A friend of mine who’s a doctor says that he doesn’t trust what he reads in his medical journals any more. He believes that they’ve been too corrupted by the drug companies. I also know of a psychiatrist who considers medical journals and professional education seminars so compromised by Big Pharma that he relies chiefly on the anecdotal accounts of his peers in prescribing drugs.
Paranoid doctors? Hardly. In today’s Wall Street Journal, we learn that such skepticism about the reliability of medical journals is entirely warranted. Reporter Anna Wilde Mathews writes:
Many of the articles that appear in scientific journals under the bylines of prominent academics are actually written by ghostwriters in the pay of drug companies. These seemingly objective articles, which doctors around the world use to guide their care of patients, are often part of a marketing campaign by companies to promote a product or play up the condition it treats.
The article goes on to describe how ghostwriters are frequently hired to write articles that academics are invited to publish under their own names. It’s a sweet scam. Academics get to pad their publishing resumes. Medical journals get well-written articles by big-name scientists. And the drug companies get to exploit the credibility and independence of academic science for a relative pittance.
We get the predictable PR defenses by drug companies — that they don’t intend for their ghostwriters to affect the tone of articles, that scientists do get to review and approve the articles before publication, and so on. But the violation of trust is obvious. The market is corrupting some core ethical principles of the scientific commons, such as independence and integrity of judgment. It is little reassurance to be told that such deceptions are infrequent. Trust is not fungible, but organic: once a capacity for deception is shown, the entire edifice of credibility is properly called into question.
One of the key reasons that scientific knowledge is trustworthy is because it is the product of a commons. Medical results are trusted only because they emerge from a community of peer-researchers committed to an open process of rigorous inquiry. Their judgment is not “for sale.” Science is not a market, in which money can buy whatever it wants. It is a commons, a gift economy in which the primary currency is reputation and trust. In a scientific commons, people have a keen interest in upholding community norms because their own identities and reputations are implicated in those norms. And no one wants to belong to a community that allows free riders to trade on the credibility of the community.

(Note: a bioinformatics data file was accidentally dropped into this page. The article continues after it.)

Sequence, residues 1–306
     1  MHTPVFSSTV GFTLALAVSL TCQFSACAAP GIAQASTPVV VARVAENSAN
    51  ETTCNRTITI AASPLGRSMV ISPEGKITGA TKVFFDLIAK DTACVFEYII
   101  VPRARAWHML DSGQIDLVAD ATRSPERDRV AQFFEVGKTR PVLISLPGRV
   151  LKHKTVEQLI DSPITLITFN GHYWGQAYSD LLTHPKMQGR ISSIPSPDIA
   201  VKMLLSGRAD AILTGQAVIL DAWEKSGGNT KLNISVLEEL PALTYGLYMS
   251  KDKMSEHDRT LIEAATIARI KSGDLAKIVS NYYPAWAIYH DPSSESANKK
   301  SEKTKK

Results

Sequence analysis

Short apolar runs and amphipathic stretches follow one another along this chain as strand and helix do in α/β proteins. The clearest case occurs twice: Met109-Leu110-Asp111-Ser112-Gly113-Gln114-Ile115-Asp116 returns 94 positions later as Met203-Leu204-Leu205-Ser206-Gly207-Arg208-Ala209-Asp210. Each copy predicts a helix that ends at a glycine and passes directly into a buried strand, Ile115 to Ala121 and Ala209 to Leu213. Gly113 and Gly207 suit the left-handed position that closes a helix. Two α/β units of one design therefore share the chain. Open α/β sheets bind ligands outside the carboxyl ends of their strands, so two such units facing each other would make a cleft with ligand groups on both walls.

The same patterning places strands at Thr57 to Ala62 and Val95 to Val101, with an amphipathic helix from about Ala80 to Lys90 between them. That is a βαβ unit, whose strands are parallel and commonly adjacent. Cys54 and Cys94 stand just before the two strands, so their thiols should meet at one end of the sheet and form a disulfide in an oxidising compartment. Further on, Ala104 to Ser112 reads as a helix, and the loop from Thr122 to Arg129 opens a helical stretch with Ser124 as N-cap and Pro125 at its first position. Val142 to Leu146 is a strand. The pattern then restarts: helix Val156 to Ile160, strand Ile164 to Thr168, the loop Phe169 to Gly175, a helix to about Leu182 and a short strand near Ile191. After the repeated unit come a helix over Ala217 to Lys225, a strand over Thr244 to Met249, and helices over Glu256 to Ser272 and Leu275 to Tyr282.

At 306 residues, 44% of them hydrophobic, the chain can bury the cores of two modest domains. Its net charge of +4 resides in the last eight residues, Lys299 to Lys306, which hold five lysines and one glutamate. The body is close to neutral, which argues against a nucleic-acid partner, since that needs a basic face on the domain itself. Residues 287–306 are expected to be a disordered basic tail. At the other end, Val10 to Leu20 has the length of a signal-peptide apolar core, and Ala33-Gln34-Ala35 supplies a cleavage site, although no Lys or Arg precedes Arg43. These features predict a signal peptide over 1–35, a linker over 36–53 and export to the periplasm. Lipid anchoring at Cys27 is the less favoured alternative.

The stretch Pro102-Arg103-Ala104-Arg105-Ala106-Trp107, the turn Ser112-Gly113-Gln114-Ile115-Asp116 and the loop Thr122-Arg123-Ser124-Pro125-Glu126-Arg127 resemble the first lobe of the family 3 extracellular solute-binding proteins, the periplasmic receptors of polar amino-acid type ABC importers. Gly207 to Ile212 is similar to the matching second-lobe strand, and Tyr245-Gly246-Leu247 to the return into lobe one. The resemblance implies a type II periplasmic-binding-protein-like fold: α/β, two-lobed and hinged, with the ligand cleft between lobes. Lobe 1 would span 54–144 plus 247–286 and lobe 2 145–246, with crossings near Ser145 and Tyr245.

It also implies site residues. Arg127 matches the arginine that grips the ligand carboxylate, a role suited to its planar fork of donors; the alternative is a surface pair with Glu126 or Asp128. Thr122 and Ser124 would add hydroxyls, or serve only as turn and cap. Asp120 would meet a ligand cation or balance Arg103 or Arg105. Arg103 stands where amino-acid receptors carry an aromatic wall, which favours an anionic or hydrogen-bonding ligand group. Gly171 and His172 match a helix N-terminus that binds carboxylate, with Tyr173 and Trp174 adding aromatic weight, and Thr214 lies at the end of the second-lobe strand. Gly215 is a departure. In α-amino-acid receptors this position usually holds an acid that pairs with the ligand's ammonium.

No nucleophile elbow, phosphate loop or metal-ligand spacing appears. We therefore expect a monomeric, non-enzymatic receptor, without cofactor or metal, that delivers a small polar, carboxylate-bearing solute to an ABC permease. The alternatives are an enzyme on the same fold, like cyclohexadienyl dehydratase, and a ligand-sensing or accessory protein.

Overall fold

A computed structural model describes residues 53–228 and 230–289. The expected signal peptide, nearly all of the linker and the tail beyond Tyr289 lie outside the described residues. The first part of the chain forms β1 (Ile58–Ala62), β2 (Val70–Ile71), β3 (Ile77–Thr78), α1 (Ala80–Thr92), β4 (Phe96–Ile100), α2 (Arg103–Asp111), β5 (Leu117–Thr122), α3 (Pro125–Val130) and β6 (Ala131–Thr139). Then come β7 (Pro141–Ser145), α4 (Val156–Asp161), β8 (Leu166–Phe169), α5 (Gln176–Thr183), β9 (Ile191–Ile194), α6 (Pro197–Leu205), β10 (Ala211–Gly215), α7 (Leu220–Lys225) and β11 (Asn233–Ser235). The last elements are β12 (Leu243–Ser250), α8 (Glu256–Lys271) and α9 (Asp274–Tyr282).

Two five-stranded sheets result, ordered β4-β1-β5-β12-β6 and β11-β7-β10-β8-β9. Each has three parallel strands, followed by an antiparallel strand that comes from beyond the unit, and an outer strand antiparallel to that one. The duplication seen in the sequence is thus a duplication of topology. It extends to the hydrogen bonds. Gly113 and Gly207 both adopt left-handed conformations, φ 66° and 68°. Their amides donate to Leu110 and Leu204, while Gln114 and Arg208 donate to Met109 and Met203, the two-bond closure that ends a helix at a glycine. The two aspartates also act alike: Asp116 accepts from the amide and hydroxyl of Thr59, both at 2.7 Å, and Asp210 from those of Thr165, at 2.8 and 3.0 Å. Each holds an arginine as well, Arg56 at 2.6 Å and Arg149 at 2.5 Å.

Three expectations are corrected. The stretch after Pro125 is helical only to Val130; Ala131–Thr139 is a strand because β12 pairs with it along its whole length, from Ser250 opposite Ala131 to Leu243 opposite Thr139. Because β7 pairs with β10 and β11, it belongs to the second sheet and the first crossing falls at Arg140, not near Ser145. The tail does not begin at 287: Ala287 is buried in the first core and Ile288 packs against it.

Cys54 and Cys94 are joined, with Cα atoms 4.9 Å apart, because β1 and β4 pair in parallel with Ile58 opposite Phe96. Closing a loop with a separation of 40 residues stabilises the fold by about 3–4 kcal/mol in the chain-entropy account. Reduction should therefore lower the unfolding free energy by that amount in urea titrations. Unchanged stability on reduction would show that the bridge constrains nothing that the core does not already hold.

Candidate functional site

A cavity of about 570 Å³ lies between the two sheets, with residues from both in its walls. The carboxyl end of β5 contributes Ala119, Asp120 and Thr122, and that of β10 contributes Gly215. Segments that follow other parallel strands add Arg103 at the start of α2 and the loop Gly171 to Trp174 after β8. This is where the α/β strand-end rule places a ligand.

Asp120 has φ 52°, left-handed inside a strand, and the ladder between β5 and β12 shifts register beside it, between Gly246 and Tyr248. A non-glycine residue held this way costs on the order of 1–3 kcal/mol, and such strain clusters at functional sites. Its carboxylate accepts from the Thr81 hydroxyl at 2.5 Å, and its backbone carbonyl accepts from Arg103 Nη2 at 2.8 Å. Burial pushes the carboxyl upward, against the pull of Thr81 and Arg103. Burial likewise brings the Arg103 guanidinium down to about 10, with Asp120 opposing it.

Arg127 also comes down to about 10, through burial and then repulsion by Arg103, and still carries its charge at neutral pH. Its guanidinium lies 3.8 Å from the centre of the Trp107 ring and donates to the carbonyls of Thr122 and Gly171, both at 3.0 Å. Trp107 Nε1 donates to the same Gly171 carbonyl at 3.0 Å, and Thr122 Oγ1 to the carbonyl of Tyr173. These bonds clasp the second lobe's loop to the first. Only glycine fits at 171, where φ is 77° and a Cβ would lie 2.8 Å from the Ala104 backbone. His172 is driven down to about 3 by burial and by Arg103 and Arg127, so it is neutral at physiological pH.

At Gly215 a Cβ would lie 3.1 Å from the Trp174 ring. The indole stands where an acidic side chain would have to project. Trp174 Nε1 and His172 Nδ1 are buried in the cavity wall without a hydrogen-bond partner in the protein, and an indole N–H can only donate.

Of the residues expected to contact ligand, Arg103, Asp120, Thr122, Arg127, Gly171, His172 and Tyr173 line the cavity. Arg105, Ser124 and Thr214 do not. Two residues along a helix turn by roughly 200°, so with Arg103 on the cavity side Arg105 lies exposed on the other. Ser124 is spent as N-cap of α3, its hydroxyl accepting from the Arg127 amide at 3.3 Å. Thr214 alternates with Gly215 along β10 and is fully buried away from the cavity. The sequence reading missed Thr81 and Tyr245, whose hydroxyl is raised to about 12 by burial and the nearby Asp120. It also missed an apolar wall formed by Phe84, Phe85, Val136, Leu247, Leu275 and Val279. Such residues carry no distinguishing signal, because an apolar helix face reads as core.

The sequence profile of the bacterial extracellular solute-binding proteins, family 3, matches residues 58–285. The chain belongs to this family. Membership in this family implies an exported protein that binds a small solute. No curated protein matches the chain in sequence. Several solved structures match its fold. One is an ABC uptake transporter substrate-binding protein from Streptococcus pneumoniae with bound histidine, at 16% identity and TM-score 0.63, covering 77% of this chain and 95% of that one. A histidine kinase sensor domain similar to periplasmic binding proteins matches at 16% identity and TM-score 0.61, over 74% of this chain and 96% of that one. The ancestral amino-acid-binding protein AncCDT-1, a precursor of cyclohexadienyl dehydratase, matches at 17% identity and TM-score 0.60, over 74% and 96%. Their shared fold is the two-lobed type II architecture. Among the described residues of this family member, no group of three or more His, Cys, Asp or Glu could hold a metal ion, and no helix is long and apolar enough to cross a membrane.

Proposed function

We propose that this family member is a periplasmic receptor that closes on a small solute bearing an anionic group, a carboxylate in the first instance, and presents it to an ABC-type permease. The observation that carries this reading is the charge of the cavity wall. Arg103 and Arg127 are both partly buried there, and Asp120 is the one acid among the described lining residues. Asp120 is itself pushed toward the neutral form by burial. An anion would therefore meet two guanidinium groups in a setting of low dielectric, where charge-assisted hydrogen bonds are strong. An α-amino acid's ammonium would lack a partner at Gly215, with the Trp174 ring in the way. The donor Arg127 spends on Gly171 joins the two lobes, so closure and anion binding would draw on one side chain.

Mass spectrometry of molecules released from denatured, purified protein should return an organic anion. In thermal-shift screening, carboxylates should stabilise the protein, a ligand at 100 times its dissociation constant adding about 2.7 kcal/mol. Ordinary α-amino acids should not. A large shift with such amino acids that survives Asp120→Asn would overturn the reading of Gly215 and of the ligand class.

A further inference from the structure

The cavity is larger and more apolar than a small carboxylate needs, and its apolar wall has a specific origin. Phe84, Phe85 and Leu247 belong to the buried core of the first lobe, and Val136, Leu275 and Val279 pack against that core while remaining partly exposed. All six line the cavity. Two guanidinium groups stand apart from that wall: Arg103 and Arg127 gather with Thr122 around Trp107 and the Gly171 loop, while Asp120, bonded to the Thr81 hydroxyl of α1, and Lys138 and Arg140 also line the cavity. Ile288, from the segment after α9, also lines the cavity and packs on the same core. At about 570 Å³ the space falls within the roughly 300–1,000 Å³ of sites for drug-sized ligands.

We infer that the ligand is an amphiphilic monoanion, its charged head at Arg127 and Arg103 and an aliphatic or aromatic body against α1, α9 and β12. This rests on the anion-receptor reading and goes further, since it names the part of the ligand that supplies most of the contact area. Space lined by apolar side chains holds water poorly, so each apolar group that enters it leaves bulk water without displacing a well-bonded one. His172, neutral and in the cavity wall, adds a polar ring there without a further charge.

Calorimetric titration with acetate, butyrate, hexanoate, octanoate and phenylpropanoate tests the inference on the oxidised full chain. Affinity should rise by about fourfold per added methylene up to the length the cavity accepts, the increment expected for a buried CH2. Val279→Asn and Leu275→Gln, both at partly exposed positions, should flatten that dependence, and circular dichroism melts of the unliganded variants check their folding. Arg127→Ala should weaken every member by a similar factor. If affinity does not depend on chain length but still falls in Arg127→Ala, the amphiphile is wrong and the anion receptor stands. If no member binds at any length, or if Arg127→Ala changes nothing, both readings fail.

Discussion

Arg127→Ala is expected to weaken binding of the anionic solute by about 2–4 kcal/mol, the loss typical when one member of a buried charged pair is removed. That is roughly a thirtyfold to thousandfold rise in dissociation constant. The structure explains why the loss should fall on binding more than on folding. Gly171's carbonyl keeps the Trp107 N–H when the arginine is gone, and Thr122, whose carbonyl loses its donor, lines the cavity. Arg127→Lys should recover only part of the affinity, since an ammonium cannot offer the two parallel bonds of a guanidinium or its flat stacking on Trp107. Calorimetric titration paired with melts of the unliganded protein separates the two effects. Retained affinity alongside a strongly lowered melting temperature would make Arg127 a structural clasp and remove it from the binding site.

The seduction and betrayal of medical journals became newsworthy when the New England Journal of Medicine recently revealed that it had published a misleading article about the Merck painkiller Vioxx. The article touted the advantages of Vioxx and failed to mention that some patients had experienced heart attacks — precisely the issue now being litigated in hundreds of lawsuits against Merck. (For more on the lessons of Vioxx, see an article by Representative Henry Waxman in The New England Journal of Medicine — June 23, 2005, page 2576).
Now other stories of “gaming the journals” are emerging. There’s the University of Arizona professor who revealed that he had little to do with an article that identified him as the lead author. There is the Georgetown professor who was asked to publish a ghostwritten article under her name — she refused — and then was later asked to peer-review the same article for publication, now submitted under another researcher’s name.
The corrupting influences of Big Pharma on the commons of scientific research is a much larger story, of course. The drug industry is using its ample profits to corrupt the integrity of the federal advisory committee process, the medical education of doctors, and even peer interactions among doctors. In each case, truth is deliberately warped to serve drug marketing goals. Just as the Soviet people once had to read between the lines of Pravda to construct an accurate approximation of the truth, so conscientious doctors need to “read through” articles in medical journals to develop a simulation of the truth. An unchecked market has contaminated the scientific commons, an open secret that is finally being told.
As an antidote, I have two prescriptions of my own: Marcia Angell’s excellent book, The Truth About Drug Companies: How They Deceive Us and What to Do About It (Random House, 2004) and Merrill Goozner’s equally revealing book, The $800 Billion Pill: The Truth Behind the Cost of New Drugs (University of California Press, 2004).
Update: My friend Peter Suber at Open Access News suggests another excellent “antidote” — an article by Richard Smith, “ Medical Journals Are an Extension of the Marketing Arm of Pharmaceutical Companies,” which appeared in PLoS Medicine, May 17, 2005. Smith was editor of the British Medical Journal for 25 years. Thanks, Peter.